LJ: How are you seeing your clientele change? I'm imagining sometimes they teach you something, sometimes you teach them something. Are you seeing their attitudes and things that they ask you for changing over the years?

LT: Madison is kind of a unique market in that most people are fairly well educated and have access to the internet. So I think most of the time they have more education on specific products than I have, because I don't have tome to research every particular product. But I try to bring them our broad knowledge of the whole building envelope and give them my experience in what we've done to all parts of the home.

LJ: And are they concerned mostly about comfort or expense or beauty? What are their priorities?

LT: In this market, the words I use are functionality and cost. We do everything from a simple window replacement to whole home remodels.

As an example we had a couple…They moved into the new home and they had a laundry room/mudroom that was very small and they wanted to make it larger…We drew the plans up and it was like $20,000…They didn't want to do that, and asked us if there was any way we could just get the laundry room upstairs…Looking at the options that included just getting a stacked washer-dryer, which gained them energy credits, and having their laundry closer to where they needed it, (saving them trips up and down the stairs), they decided to turn a third bedroom into a laundry room and take the machine out of their mudroom, making it larger. It's an example of energy efficiency and also the adaptability for somebody with special needs.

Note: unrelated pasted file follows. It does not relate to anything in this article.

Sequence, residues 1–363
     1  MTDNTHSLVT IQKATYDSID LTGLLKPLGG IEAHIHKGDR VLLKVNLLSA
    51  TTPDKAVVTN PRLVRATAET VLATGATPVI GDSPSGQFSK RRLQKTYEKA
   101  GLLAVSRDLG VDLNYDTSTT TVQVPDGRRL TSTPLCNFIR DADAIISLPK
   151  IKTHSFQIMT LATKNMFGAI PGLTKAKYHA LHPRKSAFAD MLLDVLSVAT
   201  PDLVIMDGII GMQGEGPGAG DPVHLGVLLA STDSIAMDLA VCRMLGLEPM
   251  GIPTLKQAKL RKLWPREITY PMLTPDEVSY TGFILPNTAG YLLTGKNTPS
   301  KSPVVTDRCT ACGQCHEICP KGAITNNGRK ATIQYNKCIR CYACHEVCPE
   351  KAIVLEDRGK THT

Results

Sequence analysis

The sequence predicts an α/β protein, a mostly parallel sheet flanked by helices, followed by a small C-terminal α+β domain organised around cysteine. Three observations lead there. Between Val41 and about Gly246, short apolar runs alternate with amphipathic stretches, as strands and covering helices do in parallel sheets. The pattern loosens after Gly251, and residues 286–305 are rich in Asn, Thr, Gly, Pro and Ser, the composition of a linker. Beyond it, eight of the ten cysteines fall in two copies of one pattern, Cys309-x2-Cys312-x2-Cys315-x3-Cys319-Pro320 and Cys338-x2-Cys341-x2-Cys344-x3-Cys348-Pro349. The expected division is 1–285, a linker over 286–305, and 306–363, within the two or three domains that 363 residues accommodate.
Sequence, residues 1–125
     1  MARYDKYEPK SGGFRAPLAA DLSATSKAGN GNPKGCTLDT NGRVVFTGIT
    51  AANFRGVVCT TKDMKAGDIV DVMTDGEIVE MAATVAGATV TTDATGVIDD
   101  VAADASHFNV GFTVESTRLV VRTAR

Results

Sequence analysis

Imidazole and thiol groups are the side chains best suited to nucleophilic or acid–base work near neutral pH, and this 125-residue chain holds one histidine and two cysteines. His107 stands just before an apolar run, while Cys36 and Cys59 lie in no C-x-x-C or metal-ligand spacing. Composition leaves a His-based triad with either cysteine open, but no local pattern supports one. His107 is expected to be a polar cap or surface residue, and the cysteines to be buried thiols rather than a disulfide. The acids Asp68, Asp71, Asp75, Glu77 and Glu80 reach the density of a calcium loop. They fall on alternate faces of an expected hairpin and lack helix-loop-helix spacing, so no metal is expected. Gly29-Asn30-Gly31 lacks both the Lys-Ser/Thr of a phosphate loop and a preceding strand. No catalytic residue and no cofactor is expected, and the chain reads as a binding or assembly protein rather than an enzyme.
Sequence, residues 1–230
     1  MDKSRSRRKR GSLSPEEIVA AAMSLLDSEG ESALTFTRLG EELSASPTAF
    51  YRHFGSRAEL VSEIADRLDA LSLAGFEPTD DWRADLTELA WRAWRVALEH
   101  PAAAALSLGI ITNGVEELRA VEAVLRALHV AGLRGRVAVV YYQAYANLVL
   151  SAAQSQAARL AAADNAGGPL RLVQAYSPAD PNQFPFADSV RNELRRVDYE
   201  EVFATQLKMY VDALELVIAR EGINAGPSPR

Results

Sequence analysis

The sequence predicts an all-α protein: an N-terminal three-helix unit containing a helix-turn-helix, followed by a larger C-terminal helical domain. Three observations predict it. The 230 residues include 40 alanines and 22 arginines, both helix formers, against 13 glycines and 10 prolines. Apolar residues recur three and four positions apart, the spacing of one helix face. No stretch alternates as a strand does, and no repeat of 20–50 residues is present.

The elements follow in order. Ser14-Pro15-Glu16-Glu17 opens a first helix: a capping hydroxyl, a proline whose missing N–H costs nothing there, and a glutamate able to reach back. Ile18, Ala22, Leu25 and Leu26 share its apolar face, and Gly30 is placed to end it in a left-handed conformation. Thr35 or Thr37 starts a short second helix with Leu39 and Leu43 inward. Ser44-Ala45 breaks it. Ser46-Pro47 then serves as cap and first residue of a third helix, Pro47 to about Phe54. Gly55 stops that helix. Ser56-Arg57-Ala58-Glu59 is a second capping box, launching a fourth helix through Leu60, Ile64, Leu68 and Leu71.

LJ: This kind of adaptation is helping some people to stay with their families longer.

LT: We just did a bathroom for a gal whose mother has been in a limited care facility for two years. She has some health issues and alzheimers. She was afraid she wasn't getting the care she really needed … When the daughter visited the rest home, there were hornets buzzing around her and she said, "That's it I'm going to move her back to my house." We installed a ramp so she could have zero steps going into the house and the mother is living at home now with the daughter… She has staff come in to be with her during the day…It also frees up some of her time because she isn't going back and forth. That's an example of sharing under a single household, as well.